While there are many great shows out there, only a few of them have a perfect beginning—the kind that draws you in immediately and leaves you wanting more. In 25YL’s Perfect Pilots series, we will be looking at pilot episodes we think are flawless. This week Caemeron Crain looks at the pilot of Lost on its 15th anniversary. Got a pilot you think should make the list? Let us know!
The pilot of Lost begins with Jack waking up alone in the jungle of The Island—a close-up shot of his eye suddenly springing open. He sees a dog and takes his bearings, finding a small bottle of vodka in his pocket. All of which is a bit weird if you think about—not just the uninjured dog, but the vodka bottle surviving the plane crash unharmed. And if you don’t think about it consciously, the music keys you in subconsciously, building the tension of this man waking up in a strange place, under strange circumstances.
Jack gets up and makes his way through dense bamboo. The tension builds and there is a kind of claustrophobia to the whole scene until he emerges onto the beach with its open sky. There is a moment of calm and silence.
Until that silence is pierced by a woman screaming. Then we’re into the chaos of the plane crash’s aftermath, with Jack running around trying to find ways to help (since he’s a doctor after all). We’re first introduced to characters in this milieu, and our first impressions stem only from how they react in the face of catastrophe.
Charlie looks sort of clueless near a downed engine. Jin screams for Sun, while Michael screams for Walt. Shannon, on the other hand, just screams.
Lost provides quick characterizations through these moments, and while on an initial viewing one might be too caught up in the chaos of it all to notice, in retrospect it’s clear that these characters are pretty well established from the start. Hurley, for example, is completely willing to help the pregnant Claire, even though he is clearly also nonplussed about the whole situation he’s found himself in.
The first hour of Lost’s pilot barely contains a flashback. The only one is to the crash itself and the moments leading up to it. How Jack got that vodka bottle is explained, and there is a nice little exchange between him and Rose that gets her character going, but that’s about it.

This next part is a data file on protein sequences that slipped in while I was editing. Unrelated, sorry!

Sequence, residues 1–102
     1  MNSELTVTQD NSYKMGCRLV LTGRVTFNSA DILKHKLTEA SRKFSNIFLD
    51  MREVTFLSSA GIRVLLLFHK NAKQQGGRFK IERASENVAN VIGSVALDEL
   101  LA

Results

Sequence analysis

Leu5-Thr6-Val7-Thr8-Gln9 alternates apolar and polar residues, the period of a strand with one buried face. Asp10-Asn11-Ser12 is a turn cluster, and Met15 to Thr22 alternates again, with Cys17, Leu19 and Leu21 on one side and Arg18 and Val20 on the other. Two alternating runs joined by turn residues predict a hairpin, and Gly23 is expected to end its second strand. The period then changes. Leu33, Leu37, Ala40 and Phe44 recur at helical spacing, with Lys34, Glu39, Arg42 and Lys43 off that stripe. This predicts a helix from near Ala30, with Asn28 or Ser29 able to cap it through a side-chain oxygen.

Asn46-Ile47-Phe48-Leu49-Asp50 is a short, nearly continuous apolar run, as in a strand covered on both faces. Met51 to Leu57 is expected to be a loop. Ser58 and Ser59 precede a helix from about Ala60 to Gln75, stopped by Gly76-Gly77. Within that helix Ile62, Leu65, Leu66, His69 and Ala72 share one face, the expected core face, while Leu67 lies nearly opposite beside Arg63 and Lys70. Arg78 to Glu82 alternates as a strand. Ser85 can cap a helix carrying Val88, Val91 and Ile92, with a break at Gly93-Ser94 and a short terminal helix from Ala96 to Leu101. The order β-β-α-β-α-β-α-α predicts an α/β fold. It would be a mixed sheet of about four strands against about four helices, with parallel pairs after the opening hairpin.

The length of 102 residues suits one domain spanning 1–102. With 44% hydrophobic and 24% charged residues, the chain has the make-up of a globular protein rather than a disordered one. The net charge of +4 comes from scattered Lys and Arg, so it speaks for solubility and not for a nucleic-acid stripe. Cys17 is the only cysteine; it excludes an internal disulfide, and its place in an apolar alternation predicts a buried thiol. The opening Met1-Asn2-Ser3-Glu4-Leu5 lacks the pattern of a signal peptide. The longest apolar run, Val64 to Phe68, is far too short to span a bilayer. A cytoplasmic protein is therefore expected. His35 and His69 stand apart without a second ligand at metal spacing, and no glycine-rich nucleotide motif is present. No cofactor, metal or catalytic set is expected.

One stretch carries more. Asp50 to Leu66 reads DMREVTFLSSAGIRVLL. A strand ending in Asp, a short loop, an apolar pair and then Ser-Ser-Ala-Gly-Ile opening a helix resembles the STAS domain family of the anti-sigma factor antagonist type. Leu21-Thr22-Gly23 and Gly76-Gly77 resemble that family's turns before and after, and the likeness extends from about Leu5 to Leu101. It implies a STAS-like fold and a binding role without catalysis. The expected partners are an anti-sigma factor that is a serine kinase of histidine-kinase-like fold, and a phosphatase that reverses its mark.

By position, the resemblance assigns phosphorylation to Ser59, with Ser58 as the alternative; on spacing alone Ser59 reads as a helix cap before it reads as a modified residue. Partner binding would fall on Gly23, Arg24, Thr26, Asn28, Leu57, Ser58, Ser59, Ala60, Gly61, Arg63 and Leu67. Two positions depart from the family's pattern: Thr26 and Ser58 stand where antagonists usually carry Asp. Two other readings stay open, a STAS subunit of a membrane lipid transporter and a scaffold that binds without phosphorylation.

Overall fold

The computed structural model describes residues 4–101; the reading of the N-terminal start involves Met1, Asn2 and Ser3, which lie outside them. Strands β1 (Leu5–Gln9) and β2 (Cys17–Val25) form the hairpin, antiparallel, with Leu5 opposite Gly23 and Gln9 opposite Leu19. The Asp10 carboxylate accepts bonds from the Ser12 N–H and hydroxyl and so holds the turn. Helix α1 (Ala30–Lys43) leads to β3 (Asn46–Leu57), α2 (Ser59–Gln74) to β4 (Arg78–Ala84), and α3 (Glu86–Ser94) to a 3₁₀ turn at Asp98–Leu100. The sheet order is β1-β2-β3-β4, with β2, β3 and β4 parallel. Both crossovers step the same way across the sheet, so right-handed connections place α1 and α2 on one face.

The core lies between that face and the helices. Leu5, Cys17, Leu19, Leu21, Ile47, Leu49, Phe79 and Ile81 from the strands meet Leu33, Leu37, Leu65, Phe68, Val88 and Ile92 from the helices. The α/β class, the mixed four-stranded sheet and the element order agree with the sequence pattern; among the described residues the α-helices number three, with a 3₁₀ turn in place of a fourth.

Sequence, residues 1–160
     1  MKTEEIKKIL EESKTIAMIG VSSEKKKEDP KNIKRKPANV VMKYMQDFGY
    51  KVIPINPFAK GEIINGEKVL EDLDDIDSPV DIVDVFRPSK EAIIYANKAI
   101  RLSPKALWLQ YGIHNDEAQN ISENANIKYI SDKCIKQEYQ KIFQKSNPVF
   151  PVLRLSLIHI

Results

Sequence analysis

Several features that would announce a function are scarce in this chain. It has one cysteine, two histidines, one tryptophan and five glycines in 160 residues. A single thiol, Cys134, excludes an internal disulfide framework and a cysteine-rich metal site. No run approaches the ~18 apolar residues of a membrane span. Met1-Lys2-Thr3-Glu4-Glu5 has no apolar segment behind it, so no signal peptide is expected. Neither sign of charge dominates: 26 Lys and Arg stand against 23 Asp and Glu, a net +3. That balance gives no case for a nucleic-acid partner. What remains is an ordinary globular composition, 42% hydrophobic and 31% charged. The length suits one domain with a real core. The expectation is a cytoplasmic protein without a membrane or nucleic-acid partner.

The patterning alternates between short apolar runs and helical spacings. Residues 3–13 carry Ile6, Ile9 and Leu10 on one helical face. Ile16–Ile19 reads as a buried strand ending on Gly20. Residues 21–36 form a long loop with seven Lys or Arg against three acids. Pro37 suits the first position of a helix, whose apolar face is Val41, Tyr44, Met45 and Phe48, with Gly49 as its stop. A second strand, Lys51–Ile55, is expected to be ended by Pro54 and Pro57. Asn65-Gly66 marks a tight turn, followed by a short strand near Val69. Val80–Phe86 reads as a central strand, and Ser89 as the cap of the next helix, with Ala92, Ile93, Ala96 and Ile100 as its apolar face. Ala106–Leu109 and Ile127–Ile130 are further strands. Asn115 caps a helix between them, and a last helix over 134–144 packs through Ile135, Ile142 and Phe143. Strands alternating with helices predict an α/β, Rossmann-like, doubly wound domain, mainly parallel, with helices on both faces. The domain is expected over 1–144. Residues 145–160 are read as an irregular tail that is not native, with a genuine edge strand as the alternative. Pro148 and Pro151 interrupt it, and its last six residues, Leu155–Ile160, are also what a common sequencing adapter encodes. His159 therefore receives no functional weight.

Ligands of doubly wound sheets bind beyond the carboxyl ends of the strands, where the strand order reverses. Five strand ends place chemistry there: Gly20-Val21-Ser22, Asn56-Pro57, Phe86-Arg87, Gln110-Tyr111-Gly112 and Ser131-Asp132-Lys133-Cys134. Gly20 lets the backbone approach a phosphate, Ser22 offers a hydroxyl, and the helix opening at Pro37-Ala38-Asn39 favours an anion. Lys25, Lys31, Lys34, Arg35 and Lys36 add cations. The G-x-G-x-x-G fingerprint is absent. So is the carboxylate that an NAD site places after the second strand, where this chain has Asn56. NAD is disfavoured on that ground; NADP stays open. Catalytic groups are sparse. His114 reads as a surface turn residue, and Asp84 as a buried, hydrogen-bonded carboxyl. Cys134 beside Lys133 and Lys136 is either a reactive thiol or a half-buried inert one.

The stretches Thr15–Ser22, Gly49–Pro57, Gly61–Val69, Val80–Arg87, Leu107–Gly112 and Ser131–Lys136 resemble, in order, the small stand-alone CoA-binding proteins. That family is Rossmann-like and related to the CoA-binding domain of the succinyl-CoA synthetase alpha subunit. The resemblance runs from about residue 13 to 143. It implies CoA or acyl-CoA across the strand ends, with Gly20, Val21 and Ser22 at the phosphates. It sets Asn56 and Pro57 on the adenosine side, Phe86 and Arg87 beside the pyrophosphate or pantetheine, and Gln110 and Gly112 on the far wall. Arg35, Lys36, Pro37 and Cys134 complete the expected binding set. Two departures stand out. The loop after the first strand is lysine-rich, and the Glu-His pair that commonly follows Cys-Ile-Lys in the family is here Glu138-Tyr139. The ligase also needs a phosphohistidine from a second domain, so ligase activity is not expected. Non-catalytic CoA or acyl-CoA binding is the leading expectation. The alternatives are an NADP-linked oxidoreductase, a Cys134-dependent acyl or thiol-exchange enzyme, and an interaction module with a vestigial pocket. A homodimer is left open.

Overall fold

The first part of the pilot is instead pretty much all action, tinged with a bit of horror. Once things settle down in the aftermath of the crash and the survivors make camp on the beach, they hear strange and ominous noises coming from the interior of The Island. They witness bent trees and note how unnatural the whole thing seems. No, Walt, that’s definitely not your dog.
And it would seem this same force is responsible for the death of the pilot of their plane. After Jack, Kate, and Charlie find him, the pilot barely has time to tell them how off-course the plane went before he’s violently sucked out a window and left bloody and dead in the limbs of a tree.
From the perspective of having seen the whole of Lost, it is fairly easy to speculate about the cause of the pilot’s death (though I don’t think it’s ever explicitly explained). There is pretty much only one possible answer but, on an initial viewing, this moment brings the stakes of the show to a head. Not only are these people stranded on an island far away from where authorities might be looking for them, they are stranded there in the presence of what seems to be a supernatural and murderous force.
The pilot’s death pushes Kate to a visceral terror, which she overcomes by following Jack’s advice (from earlier in the hour) about letting the fear in for 10 seconds, but honestly, given the way Lost presents this whole scene, the pilot’s death should probably have had more of a traumatic impact on the characters present moving forward than it seems to have. This is the stuff of horror films.
The first part of the pilot ends more or less there, with the transceiver having been retrieved and the pilot murdered by…something. It’s ominous as the show cuts to black and the word “LOST” swirls onto the screen in a way that would become iconic.
The tone of the show has been established, as has the mystery that will be at its heart. A couple of the main characters—Jack, Kate, and Charlie—have been established as well. Others—like Hurley, Claire, and Boone—have been established somewhat. But basically all Sawyer does is light a cigarette and throw it away wastefully too soon, and pretty much all John Locke does is smile with an orange peel over his teeth. Thus, it’s important that the pilot of Lost has two parts.